V.S. Pritchett,
London Perceived, The Hogarth Press, 1986

Waistcoats at a gentleman's store at Saint James, London.
A gentleman walking by Richard Ogden jewelry store in London.
Luxiourious bathrobes on the storefront of New & Lingwood, in London.
chapter 3

Gentleman’s talk

By the 19th century, clubs had become conformist and respectable. It was not done to talk politics or religion freely, and the smooth arts of gentlemanly evasion and persiflage were invented. Certain subjects were excluded, just as certain people were excluded from the conversation of the upper middle class…The gentleman was not speechless, but he was committed to a conversational formulae. […] The 18th century lay down a manner of talk that has never quite died. […]

Good London talk – if we can risk a definition – is, before anything else, light, sociable, discursive, enquiring, personal without vulgar reserves, prone to fantasy, never too serious, avoids entering the wilderness of the merely informative, the expert and the didactic – a bore is the man who tells you everything. […]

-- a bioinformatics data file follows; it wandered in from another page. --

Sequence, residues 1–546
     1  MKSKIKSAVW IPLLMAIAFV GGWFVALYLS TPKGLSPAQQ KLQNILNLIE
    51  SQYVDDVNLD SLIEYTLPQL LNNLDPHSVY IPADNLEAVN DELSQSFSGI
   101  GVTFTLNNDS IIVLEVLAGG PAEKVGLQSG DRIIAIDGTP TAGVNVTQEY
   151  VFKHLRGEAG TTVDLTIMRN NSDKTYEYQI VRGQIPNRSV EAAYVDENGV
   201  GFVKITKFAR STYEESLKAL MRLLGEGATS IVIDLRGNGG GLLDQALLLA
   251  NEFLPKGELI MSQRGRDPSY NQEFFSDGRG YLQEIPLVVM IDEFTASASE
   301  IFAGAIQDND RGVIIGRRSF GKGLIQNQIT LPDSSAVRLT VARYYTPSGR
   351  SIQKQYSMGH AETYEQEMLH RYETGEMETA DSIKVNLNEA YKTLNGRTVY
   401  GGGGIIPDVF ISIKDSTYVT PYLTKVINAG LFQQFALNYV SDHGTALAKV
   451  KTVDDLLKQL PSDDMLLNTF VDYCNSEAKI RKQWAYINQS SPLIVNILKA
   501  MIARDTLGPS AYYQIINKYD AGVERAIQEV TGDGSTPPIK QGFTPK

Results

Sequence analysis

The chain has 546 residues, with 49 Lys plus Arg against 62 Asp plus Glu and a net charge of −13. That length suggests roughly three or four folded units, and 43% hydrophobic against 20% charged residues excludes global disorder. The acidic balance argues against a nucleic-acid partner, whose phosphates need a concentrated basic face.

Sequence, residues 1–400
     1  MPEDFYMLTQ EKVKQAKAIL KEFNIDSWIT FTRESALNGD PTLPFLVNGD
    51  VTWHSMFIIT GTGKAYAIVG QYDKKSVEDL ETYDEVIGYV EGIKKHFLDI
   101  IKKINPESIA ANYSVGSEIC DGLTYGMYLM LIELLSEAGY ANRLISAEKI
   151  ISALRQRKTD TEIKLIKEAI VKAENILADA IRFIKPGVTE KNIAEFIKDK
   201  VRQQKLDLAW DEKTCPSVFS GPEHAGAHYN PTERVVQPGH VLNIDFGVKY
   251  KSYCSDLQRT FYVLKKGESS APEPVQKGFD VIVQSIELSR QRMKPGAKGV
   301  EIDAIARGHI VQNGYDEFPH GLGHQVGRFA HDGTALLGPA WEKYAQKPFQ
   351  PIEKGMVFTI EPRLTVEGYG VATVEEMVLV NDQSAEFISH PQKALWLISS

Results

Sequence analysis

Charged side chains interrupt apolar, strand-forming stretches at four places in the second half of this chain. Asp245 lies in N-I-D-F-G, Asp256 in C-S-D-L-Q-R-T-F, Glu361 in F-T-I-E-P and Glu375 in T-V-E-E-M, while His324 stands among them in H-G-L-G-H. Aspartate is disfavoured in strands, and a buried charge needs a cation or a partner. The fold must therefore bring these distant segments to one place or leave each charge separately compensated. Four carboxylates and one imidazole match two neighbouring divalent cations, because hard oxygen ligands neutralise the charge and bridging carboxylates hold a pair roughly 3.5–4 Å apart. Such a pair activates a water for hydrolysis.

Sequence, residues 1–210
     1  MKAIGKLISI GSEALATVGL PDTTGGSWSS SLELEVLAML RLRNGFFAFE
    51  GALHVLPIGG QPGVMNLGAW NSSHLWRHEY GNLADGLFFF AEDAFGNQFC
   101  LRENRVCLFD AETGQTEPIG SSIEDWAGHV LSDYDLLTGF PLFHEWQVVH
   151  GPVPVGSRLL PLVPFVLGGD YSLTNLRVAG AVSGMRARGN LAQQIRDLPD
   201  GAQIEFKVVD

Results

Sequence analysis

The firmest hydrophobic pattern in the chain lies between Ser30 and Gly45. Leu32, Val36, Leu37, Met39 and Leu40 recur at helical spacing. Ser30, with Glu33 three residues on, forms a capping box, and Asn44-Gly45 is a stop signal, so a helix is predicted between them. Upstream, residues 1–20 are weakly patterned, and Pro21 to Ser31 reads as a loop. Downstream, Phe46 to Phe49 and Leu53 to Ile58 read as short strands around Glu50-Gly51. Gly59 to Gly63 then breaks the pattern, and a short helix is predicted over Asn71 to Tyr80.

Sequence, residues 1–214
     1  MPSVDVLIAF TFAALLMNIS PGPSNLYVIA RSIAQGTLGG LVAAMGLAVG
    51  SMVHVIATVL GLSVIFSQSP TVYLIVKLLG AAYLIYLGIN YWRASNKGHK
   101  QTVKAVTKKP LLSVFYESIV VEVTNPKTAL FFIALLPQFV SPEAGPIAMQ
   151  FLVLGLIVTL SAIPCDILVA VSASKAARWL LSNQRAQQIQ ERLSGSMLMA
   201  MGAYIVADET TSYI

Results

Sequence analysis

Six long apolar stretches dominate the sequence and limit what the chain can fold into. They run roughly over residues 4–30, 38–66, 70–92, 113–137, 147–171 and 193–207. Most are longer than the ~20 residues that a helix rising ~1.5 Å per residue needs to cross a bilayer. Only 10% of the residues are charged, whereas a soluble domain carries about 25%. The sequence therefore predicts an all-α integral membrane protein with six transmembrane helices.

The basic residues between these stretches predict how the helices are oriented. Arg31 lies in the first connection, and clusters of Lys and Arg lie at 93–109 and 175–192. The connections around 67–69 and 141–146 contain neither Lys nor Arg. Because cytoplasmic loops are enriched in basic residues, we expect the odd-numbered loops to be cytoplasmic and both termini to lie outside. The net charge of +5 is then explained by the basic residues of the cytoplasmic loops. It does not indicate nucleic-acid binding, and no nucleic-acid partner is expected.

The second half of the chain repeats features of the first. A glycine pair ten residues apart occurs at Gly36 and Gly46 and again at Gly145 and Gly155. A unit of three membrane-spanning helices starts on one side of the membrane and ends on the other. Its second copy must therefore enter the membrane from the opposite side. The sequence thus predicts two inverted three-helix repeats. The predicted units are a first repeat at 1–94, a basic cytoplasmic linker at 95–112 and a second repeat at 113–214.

It sedulously avoids the professional, never harangues and is enhanced -or ruined, according to your view – by the amateur spirit. London talk has a horror of conclusions, and some foreigners have been exasperated by its fundamental eccentricity, though they have been charmed by its skillful evasions.

V.S. Pritchett,
London Perceived, The Hogarth Press, 1986

A waiter talking to his manager at a restaurant patio in London.
The Coral Room of Bloomsbury Hotel in Soho, London.
A barman at the The Coral Room of Bloomsbury Hotel in Soho, London.

The Coral Room, Bloomsbury Hotel’s stylish bar set on the edge of Soho, revives the ambiance of the swinging 1920s with its coral-coloured walls, Art-Deco chandeliers and sleek marble bar.

subscribe to our newsletter
chapter 4

“No, thank you.”

The Belgravia district extends beyond Brompton Road and Knightsbridge, where the Peerage boasts monotonous cream-colored hotels with stucco columns, particularly around Eaton Square, reflecting that dry post-Napoleonic architecture prevalent throughout Europe, except in France.